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Re: image rollovers in css. what is content and what is presentation. background vs foreground.

From: David Woolley <david@djwhome.demon.co.uk>
Date: Wed, 21 May 2003 22:58:01 +0100 (BST)
Message-Id: <200305212158.h4LLw1M00713@djwhome.demon.co.uk>
To: w3c-wai-ig@w3.org

> I have been thinking of ways to create the image rollover effect for
* links using css instead of java script.  That is, where an image link

There was a technique for this published on one of the W3C lists (possibly
the styles one) a few months ago.  I'm sure it was not this one, as
I seem to remember that it was consistent with HTML philosophy.  It doesn't
do text as graphics, though.

> This leads me to a philosophical question of what is content and what
* is presentation.  Most may agree that images on a page are examples of

Nothing in background images, by whatever means introduced, is content
for HTML (it might be for PDF, but PDF doesn't have a background
image concept; it just uses a painter algorithm).  The page must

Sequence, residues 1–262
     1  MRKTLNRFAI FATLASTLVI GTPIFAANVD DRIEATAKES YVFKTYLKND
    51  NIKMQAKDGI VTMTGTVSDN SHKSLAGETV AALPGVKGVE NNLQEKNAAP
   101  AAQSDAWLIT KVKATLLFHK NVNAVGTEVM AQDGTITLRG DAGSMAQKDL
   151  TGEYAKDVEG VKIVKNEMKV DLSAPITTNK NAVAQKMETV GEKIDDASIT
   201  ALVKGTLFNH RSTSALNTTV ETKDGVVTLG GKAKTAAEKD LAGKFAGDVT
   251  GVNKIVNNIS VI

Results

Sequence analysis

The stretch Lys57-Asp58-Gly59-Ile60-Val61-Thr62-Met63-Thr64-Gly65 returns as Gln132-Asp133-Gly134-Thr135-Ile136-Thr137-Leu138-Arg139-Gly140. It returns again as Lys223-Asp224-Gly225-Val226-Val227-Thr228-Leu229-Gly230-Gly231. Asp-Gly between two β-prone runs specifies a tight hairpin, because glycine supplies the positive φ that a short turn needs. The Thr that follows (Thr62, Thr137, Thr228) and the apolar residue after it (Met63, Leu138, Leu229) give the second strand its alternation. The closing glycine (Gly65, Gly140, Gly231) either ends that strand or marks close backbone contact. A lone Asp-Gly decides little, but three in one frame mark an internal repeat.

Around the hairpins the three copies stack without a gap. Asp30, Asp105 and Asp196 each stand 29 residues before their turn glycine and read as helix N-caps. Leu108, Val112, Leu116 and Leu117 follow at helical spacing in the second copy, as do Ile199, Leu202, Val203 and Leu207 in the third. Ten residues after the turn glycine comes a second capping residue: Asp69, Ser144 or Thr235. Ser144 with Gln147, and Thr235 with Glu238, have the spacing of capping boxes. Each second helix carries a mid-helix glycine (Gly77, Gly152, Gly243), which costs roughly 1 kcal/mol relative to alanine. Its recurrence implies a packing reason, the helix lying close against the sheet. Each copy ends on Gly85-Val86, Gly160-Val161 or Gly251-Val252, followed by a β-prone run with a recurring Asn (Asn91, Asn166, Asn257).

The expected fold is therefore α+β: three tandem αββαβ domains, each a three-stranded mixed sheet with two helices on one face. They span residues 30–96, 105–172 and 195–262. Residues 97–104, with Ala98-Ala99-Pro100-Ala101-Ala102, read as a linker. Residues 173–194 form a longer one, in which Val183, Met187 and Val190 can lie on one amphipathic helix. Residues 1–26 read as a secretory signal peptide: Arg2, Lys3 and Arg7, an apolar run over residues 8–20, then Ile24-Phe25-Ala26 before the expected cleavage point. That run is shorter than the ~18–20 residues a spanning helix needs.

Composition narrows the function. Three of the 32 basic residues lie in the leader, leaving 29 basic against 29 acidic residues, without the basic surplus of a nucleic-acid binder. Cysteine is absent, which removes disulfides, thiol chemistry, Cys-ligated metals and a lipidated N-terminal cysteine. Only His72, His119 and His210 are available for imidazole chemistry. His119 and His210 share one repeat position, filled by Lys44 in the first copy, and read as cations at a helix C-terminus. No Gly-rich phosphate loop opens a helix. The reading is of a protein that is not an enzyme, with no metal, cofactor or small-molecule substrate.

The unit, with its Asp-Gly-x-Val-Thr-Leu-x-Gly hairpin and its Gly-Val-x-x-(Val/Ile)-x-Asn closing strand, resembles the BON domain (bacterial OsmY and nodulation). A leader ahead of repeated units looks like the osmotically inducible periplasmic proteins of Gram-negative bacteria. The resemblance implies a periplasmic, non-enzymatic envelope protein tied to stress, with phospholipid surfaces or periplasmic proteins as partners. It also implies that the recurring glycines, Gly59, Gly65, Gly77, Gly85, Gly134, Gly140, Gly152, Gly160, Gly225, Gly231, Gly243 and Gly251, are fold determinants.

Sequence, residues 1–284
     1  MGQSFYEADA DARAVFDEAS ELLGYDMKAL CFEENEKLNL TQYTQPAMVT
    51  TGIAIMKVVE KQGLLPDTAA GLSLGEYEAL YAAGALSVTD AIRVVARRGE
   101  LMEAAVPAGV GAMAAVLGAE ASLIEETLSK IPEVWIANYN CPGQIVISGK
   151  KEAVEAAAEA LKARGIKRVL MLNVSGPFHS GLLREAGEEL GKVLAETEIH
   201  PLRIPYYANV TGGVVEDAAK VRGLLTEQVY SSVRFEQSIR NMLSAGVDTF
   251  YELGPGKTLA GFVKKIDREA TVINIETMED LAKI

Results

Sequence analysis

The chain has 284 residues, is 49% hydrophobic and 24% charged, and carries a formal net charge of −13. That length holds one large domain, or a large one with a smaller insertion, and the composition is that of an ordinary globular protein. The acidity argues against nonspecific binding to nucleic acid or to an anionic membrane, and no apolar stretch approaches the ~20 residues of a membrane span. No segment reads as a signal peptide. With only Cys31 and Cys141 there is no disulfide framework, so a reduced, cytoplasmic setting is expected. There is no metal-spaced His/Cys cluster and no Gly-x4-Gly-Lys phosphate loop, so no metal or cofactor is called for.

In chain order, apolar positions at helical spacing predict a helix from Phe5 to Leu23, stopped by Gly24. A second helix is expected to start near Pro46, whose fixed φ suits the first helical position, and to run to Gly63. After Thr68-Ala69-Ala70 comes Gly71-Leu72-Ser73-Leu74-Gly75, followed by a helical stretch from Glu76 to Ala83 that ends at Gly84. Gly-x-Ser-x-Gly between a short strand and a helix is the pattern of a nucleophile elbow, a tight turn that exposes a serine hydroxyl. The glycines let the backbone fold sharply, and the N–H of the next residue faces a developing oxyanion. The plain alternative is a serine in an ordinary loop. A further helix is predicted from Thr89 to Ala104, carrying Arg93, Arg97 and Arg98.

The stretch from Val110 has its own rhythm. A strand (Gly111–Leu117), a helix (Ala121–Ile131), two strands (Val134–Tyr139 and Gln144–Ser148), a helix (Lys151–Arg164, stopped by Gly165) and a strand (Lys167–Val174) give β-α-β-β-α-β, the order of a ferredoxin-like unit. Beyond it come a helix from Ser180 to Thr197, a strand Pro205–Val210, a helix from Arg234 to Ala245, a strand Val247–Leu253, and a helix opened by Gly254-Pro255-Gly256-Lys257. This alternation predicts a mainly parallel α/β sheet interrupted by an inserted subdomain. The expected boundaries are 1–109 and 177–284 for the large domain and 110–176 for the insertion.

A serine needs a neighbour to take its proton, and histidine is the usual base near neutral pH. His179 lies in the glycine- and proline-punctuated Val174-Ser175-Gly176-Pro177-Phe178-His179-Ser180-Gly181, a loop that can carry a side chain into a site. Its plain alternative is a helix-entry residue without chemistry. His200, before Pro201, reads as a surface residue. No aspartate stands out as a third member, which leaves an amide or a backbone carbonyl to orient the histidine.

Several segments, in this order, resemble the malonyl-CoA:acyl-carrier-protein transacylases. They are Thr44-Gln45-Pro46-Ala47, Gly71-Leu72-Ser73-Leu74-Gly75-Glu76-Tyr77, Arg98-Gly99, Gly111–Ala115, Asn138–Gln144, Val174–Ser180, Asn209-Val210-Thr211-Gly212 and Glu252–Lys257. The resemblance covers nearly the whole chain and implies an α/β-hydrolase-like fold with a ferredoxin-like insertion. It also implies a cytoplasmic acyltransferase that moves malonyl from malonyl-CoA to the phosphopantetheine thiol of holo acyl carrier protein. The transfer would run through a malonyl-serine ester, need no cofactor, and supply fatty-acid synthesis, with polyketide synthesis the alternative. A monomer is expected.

operate with nothing except the foreground present.

* "content", and the way they are laid out etc is the "presentation".
* In the case of JavaScript rollover images, the images are part of the
* content in  a way.  But it seems that css examples like mine above pushes

More accurately, the image placeholder and default image are part of
the foreground, and the alternative image is not really part of the
document at all.

* these images into the realm of "presentation".  This may be ok for some
* cases, but what if the images contain information that is important?
* i.e. part of the content as is the case with normal static images on
* a page?

Although I've seen people put content into background images, the result
was fragile across browsers, even with images on, and is certainly an
abuse of HTML.

> If css is to be used, how can alternative text be provided for such
* images?  Is the use of JavaScript therefore ultimately a better way of
* doing this roll over effect than css?

I think you are tieing yourself in knots by trying to use HTML to do
something that HTML is not designed to do.  Also note that all CSS is
only hints, so the browser need not honour all of it, and, in particular,
it is fairly common to have a browser option to disable images, which may
well not disable invisibility.
Received on Wednesday, 21 May 2003 17:58:06 UTC

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